For the past few years at the Arizona Legislature, state leaders have been focused on economic development policies that favor large out-of-state corporations rather than focus on the needs of rural Arizona. We have an extremely diverse state, and the wish list of the urban core should not take priority over the realities facing many small, family-owned businesses throughout the state.
Our local ranching, breeding, farming, and agriculture community is an ecosystem dependent on the success of many industries, particularly horse racing. As horse racing has struggled over the years, local leaders have rejected proposals that would help modernize the industry, instead following the demands of Native American the tribes. Now, Gov. Doug Ducey is ignoring the needs of rural communities as he negotiates the widespread expansion of tribal gaming and sports wagering that will benefit large corporations.
Rather than speak to the horsemen, breeders, ranchers, trainers and the many industries that are dependent on a successful horse racing industry and hear our concerns, Ducey is following the demands of tribal leaders and professional sports owners.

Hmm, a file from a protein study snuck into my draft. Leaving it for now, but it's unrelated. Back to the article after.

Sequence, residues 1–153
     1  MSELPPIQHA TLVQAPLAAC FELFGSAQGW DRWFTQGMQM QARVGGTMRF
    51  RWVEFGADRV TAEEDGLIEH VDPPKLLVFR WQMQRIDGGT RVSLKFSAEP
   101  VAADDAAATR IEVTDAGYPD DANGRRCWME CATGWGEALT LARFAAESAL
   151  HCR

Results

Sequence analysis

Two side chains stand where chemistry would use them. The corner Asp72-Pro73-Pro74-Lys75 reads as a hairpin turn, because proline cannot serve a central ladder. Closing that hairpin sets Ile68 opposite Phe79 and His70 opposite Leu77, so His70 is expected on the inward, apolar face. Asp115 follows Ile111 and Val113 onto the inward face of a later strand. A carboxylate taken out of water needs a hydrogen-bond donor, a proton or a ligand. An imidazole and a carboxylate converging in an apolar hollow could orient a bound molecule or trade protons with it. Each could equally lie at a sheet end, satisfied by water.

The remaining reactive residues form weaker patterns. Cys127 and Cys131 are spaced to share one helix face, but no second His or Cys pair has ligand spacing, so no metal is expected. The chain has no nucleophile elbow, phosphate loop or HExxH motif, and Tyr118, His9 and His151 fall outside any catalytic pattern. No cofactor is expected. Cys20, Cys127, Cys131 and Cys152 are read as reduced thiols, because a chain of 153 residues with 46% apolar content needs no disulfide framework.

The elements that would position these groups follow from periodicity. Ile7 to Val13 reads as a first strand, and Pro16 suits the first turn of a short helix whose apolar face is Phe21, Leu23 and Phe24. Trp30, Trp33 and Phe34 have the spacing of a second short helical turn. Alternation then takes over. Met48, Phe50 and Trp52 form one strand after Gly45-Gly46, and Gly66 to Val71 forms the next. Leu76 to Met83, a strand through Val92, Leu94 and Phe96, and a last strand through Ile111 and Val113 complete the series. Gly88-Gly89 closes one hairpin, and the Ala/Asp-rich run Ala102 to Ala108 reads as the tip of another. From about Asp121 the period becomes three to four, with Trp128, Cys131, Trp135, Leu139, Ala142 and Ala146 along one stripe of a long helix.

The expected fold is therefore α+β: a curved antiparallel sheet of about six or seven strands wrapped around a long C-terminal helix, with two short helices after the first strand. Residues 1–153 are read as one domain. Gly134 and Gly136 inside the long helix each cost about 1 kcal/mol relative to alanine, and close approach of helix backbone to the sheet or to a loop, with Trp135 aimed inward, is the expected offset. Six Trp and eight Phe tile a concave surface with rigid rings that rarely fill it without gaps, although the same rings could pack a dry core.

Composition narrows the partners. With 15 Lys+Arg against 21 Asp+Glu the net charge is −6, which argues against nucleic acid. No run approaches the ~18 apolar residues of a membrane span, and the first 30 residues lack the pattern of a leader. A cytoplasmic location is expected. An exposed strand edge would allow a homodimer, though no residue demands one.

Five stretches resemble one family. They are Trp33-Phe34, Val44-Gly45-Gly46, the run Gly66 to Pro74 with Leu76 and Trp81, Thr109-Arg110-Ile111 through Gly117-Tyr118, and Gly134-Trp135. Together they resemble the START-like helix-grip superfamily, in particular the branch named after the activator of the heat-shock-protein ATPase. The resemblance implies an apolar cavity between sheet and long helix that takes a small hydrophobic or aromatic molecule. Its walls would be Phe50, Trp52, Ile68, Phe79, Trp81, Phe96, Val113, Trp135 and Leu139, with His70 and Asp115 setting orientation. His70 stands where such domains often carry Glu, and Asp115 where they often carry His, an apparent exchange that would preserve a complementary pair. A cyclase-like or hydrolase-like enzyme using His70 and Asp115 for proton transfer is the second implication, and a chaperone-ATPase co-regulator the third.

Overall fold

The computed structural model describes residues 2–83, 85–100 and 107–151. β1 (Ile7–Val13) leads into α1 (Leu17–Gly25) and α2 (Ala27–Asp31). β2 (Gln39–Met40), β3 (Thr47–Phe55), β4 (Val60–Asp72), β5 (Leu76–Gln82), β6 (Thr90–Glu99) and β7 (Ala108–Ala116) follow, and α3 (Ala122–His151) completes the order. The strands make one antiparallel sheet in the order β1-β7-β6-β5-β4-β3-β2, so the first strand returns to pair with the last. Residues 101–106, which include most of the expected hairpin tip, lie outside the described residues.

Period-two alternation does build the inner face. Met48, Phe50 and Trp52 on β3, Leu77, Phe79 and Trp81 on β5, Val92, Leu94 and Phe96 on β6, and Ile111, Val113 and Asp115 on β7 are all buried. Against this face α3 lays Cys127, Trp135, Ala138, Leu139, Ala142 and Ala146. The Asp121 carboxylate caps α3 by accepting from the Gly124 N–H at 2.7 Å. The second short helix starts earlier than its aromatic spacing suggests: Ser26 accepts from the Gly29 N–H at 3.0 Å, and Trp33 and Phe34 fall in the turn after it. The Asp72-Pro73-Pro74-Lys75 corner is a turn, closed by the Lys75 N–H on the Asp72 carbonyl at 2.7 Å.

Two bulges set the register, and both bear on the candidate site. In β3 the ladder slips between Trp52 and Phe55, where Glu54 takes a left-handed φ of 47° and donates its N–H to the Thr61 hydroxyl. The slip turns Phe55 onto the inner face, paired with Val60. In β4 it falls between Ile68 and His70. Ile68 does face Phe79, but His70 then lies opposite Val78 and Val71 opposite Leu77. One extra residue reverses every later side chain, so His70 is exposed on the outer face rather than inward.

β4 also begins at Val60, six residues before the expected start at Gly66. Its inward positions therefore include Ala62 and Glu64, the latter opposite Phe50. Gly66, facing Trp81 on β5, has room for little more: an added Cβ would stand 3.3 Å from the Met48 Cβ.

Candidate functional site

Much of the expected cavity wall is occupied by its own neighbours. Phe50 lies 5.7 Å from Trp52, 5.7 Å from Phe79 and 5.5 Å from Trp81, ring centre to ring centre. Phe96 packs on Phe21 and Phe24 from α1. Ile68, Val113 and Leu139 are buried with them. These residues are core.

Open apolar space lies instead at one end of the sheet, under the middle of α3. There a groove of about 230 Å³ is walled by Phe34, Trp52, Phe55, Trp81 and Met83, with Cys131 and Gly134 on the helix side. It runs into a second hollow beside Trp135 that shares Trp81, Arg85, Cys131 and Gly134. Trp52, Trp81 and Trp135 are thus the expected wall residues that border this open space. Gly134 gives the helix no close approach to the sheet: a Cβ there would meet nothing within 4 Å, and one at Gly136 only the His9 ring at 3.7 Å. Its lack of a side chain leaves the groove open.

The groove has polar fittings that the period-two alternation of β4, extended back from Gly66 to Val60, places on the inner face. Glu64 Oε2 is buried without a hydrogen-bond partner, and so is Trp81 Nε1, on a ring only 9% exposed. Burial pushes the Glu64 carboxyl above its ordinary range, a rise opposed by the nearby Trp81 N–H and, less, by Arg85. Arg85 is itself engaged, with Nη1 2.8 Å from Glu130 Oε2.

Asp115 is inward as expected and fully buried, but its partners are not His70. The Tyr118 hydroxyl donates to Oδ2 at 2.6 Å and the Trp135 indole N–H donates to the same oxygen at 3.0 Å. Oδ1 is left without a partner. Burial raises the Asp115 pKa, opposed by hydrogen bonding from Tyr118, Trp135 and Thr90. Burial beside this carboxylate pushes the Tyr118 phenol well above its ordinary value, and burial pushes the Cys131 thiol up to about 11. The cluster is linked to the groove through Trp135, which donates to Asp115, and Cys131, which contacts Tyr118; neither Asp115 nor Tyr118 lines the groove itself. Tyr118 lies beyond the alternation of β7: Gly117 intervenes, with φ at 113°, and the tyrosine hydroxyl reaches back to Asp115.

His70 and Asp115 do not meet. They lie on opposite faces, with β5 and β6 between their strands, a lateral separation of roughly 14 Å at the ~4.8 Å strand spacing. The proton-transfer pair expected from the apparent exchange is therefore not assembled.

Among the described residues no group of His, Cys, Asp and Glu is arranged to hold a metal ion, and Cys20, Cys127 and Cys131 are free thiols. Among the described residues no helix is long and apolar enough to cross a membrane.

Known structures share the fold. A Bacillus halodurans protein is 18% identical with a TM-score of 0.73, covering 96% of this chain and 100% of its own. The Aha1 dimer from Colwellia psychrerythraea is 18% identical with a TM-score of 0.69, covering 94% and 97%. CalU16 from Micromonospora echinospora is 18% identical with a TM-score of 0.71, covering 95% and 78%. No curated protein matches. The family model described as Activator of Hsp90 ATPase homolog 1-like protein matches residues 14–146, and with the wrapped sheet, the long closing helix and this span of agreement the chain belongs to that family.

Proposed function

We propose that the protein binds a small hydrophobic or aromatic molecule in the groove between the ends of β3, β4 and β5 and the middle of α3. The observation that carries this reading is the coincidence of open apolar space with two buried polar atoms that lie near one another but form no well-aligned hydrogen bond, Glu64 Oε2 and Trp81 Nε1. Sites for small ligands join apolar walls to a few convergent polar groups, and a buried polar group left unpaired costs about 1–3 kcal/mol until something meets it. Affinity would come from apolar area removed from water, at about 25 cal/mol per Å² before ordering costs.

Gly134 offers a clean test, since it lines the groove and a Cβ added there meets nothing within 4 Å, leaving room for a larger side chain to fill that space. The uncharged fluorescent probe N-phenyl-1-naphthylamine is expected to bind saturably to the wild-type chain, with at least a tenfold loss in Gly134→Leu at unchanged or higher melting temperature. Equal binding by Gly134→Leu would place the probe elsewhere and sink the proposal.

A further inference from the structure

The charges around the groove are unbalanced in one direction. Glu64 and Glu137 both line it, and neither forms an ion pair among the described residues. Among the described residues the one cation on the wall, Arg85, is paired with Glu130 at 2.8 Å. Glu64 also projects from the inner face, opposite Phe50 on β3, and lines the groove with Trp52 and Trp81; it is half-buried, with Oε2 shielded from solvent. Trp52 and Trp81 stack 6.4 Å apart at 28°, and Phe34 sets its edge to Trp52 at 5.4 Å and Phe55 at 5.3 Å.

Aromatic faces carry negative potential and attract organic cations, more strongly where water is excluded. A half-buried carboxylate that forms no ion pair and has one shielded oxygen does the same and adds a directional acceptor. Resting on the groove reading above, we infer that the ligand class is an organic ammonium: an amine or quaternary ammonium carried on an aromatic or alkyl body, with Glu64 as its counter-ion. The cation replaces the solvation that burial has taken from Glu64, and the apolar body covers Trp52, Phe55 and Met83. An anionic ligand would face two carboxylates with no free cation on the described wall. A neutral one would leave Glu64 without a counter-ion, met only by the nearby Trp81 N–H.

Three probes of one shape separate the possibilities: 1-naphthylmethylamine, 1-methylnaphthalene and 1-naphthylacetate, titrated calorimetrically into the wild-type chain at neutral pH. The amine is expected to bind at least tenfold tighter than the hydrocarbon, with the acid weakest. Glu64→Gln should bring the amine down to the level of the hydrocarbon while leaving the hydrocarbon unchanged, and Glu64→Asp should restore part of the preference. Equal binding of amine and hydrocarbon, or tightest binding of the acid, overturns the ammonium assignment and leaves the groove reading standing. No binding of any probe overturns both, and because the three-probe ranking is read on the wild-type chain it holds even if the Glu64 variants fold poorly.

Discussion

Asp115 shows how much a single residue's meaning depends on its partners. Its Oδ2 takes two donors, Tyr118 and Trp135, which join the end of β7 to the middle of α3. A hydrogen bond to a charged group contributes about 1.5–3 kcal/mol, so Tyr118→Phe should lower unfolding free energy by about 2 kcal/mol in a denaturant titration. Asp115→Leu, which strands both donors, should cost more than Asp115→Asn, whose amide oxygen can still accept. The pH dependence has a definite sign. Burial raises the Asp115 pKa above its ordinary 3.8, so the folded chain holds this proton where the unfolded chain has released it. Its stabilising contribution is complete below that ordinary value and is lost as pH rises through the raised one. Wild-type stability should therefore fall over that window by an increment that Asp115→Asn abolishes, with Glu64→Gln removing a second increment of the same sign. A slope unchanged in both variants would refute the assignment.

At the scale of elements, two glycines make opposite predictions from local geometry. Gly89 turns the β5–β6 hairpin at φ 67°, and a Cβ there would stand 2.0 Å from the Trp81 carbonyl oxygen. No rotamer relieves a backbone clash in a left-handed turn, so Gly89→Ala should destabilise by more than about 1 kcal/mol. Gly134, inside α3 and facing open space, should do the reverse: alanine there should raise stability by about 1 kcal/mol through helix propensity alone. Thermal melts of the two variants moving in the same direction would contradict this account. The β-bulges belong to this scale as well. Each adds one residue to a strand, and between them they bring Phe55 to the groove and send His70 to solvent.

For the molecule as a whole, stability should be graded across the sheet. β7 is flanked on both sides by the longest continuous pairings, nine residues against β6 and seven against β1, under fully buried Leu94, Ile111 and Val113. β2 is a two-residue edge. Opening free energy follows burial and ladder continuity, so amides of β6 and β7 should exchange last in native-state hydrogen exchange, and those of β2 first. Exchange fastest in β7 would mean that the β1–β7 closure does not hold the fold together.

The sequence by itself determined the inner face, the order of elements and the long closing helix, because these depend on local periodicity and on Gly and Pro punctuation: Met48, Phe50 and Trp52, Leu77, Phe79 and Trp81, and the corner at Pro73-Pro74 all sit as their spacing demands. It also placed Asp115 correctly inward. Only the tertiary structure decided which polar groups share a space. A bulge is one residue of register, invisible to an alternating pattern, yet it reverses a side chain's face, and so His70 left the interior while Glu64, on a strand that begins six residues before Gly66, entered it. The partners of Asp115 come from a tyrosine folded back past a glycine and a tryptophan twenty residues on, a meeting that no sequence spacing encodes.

Arizona is not the only state renegotiating tribal compacts and exploring ways to modernize the horse racing industry. Many Republican governors across the nation are taking a more inclusive approach.
For example, Republican Gov. Ron DeSantis of Florida is the middle of a gaming compact negotiation and has included the racetracks in the conversation. DeSantis is looking out for the well-being of his entire state by making it clear any new gaming compact must benefit the operators of racetracks. A spokesperson for the governor was quoted recently in the South Florida Sun-Sentinal saying, “As we consider a path forward and options for the state on gaming, we believe it is important to hear from representatives from the pari-mutuel industry. It’s important they have a voice in the conversation.”
Sadly, here in Arizona our governor has taken a different approach, ignoring the needs of horse racing and the multitude of rural, locally owned businesses that support the industry. There has been no meeting, no conversation, no discussion about how the state can help us modernize the industry as we can compete with other states. Instead, our needs are being ignored while high-paid special interests are seeking the widespread expansion of gambling that will directly benefit casinos and billion-dollar sports teams. It’s time to make rural Arizona a priority and include the needs of our community in the renegotiation of the tribal gaming compact.
Bob Hutton is president of the Arizona Horsemen’s Benevolent and Protective Association.